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IEA CO2 Report – Renewables Meet 25% of Global Demand Growth

April 14, 2018


Carbon dioxide (CO2)

Global energy-related CO2 emissions grew by 1.4% in 2017, reaching a historic high of 32.5 gigatonnes (Gt), a resumption of growth after three years of global emissions remaining flat. The increase in CO2 emissions, however, was not universal. While most major economies saw a rise, some others experienced declines, including the United States, United Kingdom, Mexico and Japan. The biggest decline drop came from the United States, mainly because of higher deployment of renewables.

Latest trends in renewables

Renewables saw the highest growth rate of any energy source in 2017, meeting a quarter of global energy demand growth last year. China and the United States led this unprecedented growth, contributing around 50% of the increase in renewables-based electricity generation, followed by the European Union, India and Japan. Wind power accounted for 36% of the growth in renewables-based power output.

Renewables saw the highest rate of growth of any energy source in 2017 and met around a quarter of global energy demand growth last year. The power sector played the most important role in the growth of low-carbon energy, with renewables-based electricity generation increasing by 6.3% (380 TWh) in 2017. Renewables now account for 25% of global electricity generation.

China and the United States together accounted for half of the increase in renewables-based electricity generation, followed by the European Union (8%), Japan and India (with 6% of growth each). The growth of wind power and solar PV in 2017 was unprecedented; wind power accounted for the largest share of overall renewables growth, at 36%, followed by solar PV (27%), hydropower (22%) and bioenergy (12%).

China accounted for 40% of the combined growth in wind and solar PV, with new record capacity additions and a reduction in the rate of curtailment. Nearly 40% of the increase in hydropower was in the United States, while the European Union reduced hydro output by nearly one-tenth. The European Union, China and Japan accounted for 82% of global bioenergy growth in power.

China overtook the United States to become the world leader for non-hydro renewables-based electricity generation. Global solar PV capacity approached 400 GW by the end of 2017. It was an extraordinary year for solar PV additions in China, with over 50 GW of new capacity, exceeding the combined capacity additions of coal, gas and nuclear, and up from 35 GW in 2016. The new solar PV capacity added in China in 2017 alone is equivalent to the total solar PV capacity of France and Germany combined.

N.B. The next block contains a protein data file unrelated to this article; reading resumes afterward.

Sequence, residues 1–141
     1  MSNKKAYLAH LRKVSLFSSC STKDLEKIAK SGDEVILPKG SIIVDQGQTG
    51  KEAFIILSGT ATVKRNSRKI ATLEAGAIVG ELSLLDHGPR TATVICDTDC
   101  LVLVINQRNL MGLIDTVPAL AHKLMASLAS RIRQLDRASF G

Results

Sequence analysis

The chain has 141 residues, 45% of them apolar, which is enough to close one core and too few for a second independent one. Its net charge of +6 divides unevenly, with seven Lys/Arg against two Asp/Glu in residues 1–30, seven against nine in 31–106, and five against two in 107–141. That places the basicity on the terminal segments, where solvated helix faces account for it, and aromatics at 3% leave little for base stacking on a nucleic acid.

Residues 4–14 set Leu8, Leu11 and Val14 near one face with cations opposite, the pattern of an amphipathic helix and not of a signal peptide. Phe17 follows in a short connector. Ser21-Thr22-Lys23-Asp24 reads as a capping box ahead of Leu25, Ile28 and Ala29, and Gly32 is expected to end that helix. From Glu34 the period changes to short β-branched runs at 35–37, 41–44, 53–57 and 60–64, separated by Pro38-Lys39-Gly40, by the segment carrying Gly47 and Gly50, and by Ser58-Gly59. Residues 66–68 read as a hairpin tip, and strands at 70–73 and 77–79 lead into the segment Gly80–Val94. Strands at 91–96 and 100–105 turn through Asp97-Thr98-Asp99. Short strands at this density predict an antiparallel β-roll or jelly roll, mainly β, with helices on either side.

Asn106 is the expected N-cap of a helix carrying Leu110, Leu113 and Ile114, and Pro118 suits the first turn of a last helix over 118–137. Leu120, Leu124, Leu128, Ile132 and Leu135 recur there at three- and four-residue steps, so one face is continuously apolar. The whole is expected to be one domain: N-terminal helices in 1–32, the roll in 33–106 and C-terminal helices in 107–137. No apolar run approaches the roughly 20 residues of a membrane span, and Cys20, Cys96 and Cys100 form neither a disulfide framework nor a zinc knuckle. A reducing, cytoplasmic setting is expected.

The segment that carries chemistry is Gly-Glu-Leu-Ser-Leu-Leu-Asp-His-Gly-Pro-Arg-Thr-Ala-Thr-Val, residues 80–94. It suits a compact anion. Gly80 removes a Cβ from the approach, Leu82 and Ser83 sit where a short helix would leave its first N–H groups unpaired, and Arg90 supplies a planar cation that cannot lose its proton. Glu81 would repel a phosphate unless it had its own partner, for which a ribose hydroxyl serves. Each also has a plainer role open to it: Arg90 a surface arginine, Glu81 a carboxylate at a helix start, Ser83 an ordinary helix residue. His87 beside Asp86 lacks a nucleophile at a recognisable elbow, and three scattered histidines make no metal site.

In the United States, 10 GW of solar PV was added in 2017, down 30% relative to 2016 but still the second highest year on record. In India, a record 8 GW of solar PV capacity was added in 2017, double the additions seen in 2016. In the European Union wind saw a record year with 15.6 GW of capacity additions, of which 3.1 GW was offshore, also a record. With continued growth in onshore wind power, global wind capacity (onshore and offshore) reached about 510 GW.

Outside of the power sector, only a modest increase of biofuels output of 2% (50 kb/d) was observed in 2017, slightly lower than growth the previous year, reflecting a longer-term downward trend in new production capacity investment. Increased ethanol output in the United States and Europe was partially offset by lower production in Brazil, while biodiesel output remained broadly stable. Renewable heat has been growing modestly over the last years.

China, the world’s largest heat consumer, announced a five-year clean heating plan focused on northern cities in December 2017. This policy change could significantly cut the use of coal for heating and replace it with cleaner sources including renewables (biomass, geothermal and solar heat).

Although renewables grew rapidly in 2017, the pace of deployment falls short of that needed to meet the global climate goals in the IEA’s Sustainable Development Scenario. Carbon emissions intensity in 2017 improved by less than one-third of what would be needed to fulfill the global transition towards climate goals.


Source: IEA
Full IEA Report: Global Energy & CO2 Status Report 2017

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